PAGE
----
Notice in the screenshot above how this particular Twine has been programmed to send data to a web API hosted at thingspeak.com. ThingSpeak promotes itself as an "open application platform designed to enable meaningful connections between things and people". Once you've registered with ThingSpeak, you can set up public or private channels for your devices, through which data are made available for visualisation or downloading.
Why not try this out now? Head over to https://thingspeak.com/channels/public to see a listing of some of ThingSpeak's public channels. Click on the link to one of these channels to see the data feed visualised, then click on the Developer Info tab at the top-right to see the formats in which you can download data from this channel.
Notice the links to three different formats: JSON, XML, CSV. Try clicking on these links to view the data. (Depending on your browser, you might see the data displayed in the browser window or it might be treated as a downloaded file; if the latter, just open the file in a text editor to view the data.)
'Comma-Separated Value' format is the simplest of the three formats offered by ThingSpeak, best suited to data that are tabular in nature. One big reason for its popularity is that spreadsheet applications such as Excel or LibreOffice Calc can open CSV files.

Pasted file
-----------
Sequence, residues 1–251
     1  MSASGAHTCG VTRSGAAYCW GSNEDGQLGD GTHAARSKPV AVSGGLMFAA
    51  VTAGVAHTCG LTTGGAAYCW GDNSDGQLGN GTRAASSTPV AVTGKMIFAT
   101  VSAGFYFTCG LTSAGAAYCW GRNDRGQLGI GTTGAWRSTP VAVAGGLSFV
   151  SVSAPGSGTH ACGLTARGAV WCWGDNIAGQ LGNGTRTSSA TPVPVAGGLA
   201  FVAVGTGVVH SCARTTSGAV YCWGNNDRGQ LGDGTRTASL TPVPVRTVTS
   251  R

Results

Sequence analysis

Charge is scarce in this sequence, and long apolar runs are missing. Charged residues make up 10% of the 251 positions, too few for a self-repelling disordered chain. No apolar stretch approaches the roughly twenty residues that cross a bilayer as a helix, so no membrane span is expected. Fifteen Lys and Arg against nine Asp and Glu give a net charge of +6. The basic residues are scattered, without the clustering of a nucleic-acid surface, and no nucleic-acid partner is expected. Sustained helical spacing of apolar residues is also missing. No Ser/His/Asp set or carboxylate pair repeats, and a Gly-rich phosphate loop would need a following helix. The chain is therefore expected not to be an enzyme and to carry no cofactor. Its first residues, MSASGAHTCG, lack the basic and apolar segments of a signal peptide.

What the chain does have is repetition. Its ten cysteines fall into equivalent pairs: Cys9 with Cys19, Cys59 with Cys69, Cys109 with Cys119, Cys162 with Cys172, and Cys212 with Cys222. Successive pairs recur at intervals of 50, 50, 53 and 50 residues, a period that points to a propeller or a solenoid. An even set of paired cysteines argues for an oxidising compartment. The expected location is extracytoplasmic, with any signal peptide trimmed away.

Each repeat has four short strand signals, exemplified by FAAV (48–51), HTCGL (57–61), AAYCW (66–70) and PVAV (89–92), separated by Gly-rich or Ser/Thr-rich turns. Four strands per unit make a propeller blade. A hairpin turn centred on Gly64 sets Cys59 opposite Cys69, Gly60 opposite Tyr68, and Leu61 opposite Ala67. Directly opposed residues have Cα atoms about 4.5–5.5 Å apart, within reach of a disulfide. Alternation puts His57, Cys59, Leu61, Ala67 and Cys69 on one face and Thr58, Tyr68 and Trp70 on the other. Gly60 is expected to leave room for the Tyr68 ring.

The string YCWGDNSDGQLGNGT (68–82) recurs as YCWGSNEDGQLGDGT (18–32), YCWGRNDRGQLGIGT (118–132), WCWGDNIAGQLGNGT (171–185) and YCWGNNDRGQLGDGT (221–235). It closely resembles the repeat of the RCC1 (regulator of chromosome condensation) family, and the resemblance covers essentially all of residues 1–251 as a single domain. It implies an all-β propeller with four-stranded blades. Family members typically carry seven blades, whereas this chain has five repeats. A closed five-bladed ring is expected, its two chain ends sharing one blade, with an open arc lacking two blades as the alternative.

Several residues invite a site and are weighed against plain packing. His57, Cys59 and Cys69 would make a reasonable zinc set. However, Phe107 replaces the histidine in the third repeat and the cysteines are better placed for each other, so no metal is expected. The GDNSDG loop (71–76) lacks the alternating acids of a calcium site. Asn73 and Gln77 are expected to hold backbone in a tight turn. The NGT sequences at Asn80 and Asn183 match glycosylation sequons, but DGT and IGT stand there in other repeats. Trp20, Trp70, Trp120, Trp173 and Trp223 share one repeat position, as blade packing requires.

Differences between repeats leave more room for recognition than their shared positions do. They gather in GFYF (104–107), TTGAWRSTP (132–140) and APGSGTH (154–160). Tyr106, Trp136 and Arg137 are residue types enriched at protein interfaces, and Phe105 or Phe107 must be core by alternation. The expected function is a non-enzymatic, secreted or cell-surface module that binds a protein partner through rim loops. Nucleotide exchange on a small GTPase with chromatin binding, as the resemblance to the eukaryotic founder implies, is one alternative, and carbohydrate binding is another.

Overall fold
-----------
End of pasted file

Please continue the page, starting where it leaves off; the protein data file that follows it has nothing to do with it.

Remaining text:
The first few lines of the CSV data for the ThingSpeak feed in the screenshot above look like this:
2014-04-03 11:47:02 UTC,9005,14.375
2014-04-03 12:02:07 UTC,9006,13.75
2014-04-03 12:17:11 UTC,9007,13
2014-04-03 12:32:18 UTC,9008,13.125
This is a dataset with three columns, representing a timestamp, a unique identifier for the measurement and the measurement itself (a temperature in this case). A comma is used to separate the values in each column. (If the value itself contains a comma, this must be protected in some way - e.g., by enclosing the entire value in quotes.) The first line contains the column headings.